instances which must be cast back to the appropriate subclass when
extracted). I can't believe that all C# code that uses containers
will be rated as unsafe, especially when any cast error is detected
at runtime (throwing an exception).
- C# has virtual method versioning, which Chris mentioned a while back
(this detects when a method is introduced "below" what was
previously the "bottom" virtual method in a class hierarchy).
Methods have to be marked explicitly as virtual and it is also
possible to have "value types" which are like classes, but have no
inheritance and are allocated on the stack (structures with
- Various quirks (like the value types, the "as" operator that saves a
test for class type, and being able to turn IEEE numerical handling
off) indicate that MS is trying to keep the potential performance of
C# code close to C++ (esp. managed C++ - see later). The speakers
all seemed to follow the school of thought that advocates discarding
lifebelts before taking to the roughest seas...
- All .NET languages compile to a platform independent Intermediate
Language. This is then either passed to a JIT at execution time or
compiled on installation. When I asked there was no explanation for
how MS would avoid the problems that face Java developers in
ensuring that the appropriate JIT version is available on the client
- Perhaps assemblies will help with this. Applications are now
packaged as directory trees that include all components -
assemblies. Each application can then use local libraries (or,
depending on configuration, global libraries). This is to avoid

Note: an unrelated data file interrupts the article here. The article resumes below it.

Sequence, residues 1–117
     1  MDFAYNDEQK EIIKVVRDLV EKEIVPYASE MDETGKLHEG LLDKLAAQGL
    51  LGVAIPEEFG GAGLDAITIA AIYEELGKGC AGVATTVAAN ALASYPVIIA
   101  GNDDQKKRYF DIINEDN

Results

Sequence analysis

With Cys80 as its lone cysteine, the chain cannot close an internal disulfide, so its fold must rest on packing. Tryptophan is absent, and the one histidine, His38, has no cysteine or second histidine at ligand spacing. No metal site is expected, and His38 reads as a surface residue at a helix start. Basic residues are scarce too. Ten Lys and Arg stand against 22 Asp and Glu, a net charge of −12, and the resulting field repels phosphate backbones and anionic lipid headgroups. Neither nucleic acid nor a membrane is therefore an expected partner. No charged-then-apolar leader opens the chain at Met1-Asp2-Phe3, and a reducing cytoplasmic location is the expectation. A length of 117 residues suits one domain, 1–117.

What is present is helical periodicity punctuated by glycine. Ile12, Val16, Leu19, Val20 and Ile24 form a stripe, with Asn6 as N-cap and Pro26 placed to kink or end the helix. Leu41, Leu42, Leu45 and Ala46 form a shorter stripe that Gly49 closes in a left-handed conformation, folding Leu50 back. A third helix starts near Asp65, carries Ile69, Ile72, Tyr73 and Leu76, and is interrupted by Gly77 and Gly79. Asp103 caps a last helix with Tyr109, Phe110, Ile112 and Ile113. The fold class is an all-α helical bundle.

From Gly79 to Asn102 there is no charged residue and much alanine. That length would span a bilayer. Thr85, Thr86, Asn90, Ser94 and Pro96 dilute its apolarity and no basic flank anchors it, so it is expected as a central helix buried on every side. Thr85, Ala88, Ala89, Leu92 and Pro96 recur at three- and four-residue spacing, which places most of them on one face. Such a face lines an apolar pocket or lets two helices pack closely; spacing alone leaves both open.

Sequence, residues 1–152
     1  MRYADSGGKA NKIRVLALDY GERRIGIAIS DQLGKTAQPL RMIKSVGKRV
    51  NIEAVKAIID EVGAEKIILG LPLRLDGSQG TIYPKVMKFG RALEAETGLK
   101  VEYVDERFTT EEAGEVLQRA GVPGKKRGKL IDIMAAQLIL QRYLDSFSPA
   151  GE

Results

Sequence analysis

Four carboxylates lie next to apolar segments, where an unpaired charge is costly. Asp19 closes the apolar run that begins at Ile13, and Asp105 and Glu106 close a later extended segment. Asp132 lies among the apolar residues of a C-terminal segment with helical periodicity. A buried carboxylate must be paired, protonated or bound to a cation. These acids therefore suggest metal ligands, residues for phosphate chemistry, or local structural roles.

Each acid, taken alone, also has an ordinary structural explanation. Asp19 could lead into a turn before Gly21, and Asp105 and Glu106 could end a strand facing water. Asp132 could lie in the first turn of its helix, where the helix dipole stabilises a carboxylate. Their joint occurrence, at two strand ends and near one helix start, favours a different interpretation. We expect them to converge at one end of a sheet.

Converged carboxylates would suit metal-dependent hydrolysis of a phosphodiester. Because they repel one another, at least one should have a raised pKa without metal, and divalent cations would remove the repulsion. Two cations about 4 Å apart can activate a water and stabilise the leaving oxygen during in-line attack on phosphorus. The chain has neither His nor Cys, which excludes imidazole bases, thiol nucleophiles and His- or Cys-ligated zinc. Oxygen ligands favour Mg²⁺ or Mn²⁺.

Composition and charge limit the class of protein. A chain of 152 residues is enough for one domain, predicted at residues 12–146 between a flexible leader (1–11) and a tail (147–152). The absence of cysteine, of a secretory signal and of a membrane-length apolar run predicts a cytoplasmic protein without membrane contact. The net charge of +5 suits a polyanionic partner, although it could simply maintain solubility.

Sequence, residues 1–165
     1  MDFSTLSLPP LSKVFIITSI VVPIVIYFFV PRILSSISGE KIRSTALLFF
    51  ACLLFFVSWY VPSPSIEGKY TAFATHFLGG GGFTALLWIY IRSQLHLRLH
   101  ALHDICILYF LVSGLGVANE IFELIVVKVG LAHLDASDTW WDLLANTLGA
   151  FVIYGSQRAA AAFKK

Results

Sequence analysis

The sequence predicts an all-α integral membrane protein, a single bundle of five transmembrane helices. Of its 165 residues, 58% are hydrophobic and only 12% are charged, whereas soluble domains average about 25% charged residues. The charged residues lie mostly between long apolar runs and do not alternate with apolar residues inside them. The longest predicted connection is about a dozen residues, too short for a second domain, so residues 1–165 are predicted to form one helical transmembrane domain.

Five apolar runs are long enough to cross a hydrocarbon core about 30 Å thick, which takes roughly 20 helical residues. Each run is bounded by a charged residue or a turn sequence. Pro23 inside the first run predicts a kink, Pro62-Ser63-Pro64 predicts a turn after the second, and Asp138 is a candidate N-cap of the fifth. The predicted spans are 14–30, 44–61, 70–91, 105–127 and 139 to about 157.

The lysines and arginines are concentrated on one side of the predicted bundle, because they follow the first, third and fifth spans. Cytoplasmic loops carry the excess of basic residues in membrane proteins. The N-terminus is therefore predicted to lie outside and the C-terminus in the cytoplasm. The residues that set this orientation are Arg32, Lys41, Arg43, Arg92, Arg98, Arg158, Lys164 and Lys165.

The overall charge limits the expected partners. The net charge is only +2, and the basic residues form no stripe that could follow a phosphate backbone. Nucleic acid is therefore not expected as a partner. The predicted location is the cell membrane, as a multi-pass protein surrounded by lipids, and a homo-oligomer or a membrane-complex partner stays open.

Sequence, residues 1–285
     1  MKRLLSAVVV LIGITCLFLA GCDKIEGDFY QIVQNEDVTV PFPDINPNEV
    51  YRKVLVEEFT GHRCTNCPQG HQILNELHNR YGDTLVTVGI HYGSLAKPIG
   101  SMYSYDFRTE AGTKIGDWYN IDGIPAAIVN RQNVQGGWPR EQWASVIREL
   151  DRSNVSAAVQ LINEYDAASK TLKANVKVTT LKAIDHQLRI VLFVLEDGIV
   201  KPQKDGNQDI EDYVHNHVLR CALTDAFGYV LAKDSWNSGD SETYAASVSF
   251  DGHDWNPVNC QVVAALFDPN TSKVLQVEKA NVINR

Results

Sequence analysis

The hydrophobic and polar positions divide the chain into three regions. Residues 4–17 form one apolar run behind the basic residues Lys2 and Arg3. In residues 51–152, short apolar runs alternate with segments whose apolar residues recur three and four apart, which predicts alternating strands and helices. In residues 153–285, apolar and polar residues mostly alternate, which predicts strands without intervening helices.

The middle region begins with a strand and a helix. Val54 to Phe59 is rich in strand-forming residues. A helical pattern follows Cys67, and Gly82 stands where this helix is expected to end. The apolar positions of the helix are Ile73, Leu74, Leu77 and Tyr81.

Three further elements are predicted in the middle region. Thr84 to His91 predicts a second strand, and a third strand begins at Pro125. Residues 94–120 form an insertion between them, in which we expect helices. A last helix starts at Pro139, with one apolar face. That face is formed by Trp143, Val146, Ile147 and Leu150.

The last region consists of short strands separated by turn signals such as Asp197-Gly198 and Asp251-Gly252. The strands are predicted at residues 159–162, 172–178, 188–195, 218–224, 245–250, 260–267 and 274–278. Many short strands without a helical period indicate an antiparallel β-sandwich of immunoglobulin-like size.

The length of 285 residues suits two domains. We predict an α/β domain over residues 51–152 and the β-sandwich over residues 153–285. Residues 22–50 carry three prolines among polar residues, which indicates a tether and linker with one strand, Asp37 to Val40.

problems when different versions of the same library exist.
- Security doesn't seem to be finalized in detail, but will be based
on the program's requirements (familiar to anyone who's written for
the MS Java VM and wanted to get outside the sandbox). Programs
will be able to request priveliges (like access to files). Whether
access is granted or not will depend on a variety of factors:
unsafe/safe, source (both from signatures and delivery method),
privilege requested, etc. I asked for more details about
signatures, but couldn't get a firm answer - it is "unlikely" that
everything will need to be signed, although quite possible that an
administrator and/or user will be able to configure a machine so
that this is the case. You might read that as "it would be
possible, if you were sufficiently lax with security, to run
- Interestingly, the C# talks were not very popular. The convention
had two halls for talks and parallel talks on C# and ADO (I believe)
were swapped, moving C# to the smaller hall. The final two
(parallel) talks were optional - one was a repeat of the C# talk.
But at the last minute the C# talk was moved to an even smaller hall
and an extra VB talk was also run (yes, the C# talk was then packed,
but it was a very small room....).
- Finally, something I've not heard much fanfare over: MS are
introduciing "managed C++". By including an optional keyword in the
class definition the memory management can be handed over to the
.NET runtime. Given this, and the availability of the .NET
libraries to C++ and (fully OO) VB, what is the point of C#?
- Oh, and has anyone managed to get MS's search engine to recognise
C#? It seems to return matches to C.